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The testicles are two oval glands that sit behind the penis in a pouch of skin called the scrotum. They are part of the male reproductive system and are also called testes (or a testis, if referring to one).
Role of the testicles – The testicles produce and store sperm. They also produce the sex hormone testosterone, which is responsible for the development of male characteristics, such as facial hair, a deeper voice and increased muscle mass, as well as sexual drive (libido).
Epididymis, spermatic cord and vas deferens – A tightly coiled tube at the back of each testicle called the epididymis stores immature sperm. The epididymis connects the testicle to the spermatic cord. The spermatic cord runs through the groin region into the pelvis and contains blood vessels, nerves, lymph vessels and a tube called the vas deferens. The vas deferens carries sperm from the epididymis to the prostate gland.
Seminal vesicles and prostate gland – Two small glands called seminal vesicles sit above the prostate gland. The seminal vesicles and prostate gland produce fluids that make up a large part of semen. Semen also contains sperm from the testicles and is ejaculated from the penis during sexual climax.
Lymph nodes and vessels – There are many lymph nodes (also called lymph glands) and lymph vessels around the testicles and in the abdomen. These are part of the lymphatic system and are important for resisting and fighting disease (immunity). The nodes and vessels also drain lymphatic fluid (lymph) from the tissues back into the bloodstream.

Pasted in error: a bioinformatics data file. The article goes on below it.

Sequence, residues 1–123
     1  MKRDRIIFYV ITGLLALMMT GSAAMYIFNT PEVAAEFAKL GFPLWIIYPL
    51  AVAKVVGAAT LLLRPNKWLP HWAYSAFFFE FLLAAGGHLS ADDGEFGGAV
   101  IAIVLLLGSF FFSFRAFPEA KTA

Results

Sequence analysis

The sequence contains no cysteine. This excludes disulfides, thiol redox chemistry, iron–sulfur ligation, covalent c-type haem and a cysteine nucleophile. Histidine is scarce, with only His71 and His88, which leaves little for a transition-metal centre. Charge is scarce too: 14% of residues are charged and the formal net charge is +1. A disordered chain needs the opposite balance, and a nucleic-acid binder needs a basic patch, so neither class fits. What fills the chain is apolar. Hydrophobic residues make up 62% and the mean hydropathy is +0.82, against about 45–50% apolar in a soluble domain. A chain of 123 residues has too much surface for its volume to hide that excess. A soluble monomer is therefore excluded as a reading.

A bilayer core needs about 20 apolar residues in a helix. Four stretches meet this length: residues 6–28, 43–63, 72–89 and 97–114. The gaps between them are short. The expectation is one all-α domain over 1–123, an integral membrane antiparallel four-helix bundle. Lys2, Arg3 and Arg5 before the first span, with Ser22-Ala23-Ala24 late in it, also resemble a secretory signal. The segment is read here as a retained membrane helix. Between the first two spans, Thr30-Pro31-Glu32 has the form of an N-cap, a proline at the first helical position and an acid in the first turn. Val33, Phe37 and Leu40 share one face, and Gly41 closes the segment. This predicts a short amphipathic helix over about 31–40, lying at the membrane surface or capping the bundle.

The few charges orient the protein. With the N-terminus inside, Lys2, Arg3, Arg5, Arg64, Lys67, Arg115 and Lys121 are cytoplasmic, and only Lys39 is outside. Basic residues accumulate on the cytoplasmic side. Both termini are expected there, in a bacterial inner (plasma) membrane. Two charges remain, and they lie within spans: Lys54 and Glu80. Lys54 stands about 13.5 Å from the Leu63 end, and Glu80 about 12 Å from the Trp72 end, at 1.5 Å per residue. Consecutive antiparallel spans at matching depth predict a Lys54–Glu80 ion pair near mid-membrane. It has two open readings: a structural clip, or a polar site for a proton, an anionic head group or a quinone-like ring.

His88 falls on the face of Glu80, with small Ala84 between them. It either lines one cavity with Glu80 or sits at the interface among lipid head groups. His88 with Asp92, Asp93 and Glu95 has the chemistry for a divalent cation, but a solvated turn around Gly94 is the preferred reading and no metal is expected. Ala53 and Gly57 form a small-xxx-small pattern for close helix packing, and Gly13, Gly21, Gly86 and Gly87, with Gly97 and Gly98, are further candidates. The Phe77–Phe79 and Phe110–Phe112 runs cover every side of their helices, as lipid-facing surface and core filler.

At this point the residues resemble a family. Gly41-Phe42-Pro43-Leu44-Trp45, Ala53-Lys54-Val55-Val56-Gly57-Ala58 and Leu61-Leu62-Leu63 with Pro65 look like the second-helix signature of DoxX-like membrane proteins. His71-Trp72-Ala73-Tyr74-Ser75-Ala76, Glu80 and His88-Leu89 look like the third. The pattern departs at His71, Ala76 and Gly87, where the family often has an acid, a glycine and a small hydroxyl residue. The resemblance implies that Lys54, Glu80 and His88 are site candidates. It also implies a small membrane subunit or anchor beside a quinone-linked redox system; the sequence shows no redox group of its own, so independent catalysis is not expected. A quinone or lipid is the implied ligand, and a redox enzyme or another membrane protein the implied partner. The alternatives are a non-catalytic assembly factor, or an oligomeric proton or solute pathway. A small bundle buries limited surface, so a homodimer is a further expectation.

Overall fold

This information is reviewed by
This information was last reviewed August 2020 by the following expert content reviewers: Prof Declan Murphy, Urologist and Director of Genitourinary Oncology, Peter MacCallum Cancer Centre, VIC; Gregory Bock, Urology Cancer Nurse Coordinator, WA Cancer and Palliative Care Network, North Metropolitan Health Service, WA; A/Prof Nicholas Brook, Senior Consultant Urological Surgeon, Royal Adelaide Hospital and The University of Adelaide, SA; Clinical A/Prof Peter Grimison, Medical Oncologist, Chris O’Brien Lifehouse and The University of Sydney, NSW; Dr Tanya Holt, Senior Radiation Oncologist, Radiation Oncology Princess Alexandra Hospital Raymond Terrace (ROPART), QLD; Brodie Kitson, Consumer; Elizabeth Medhurst, Genitourinary and Stereotactic Ablative Body Radiotherapy (SABR) Nurse Consultant, Peter MacCallum Cancer Centre, VIC; Rosemary Watson, 13 11 20 Consultant, Cancer Council Victoria.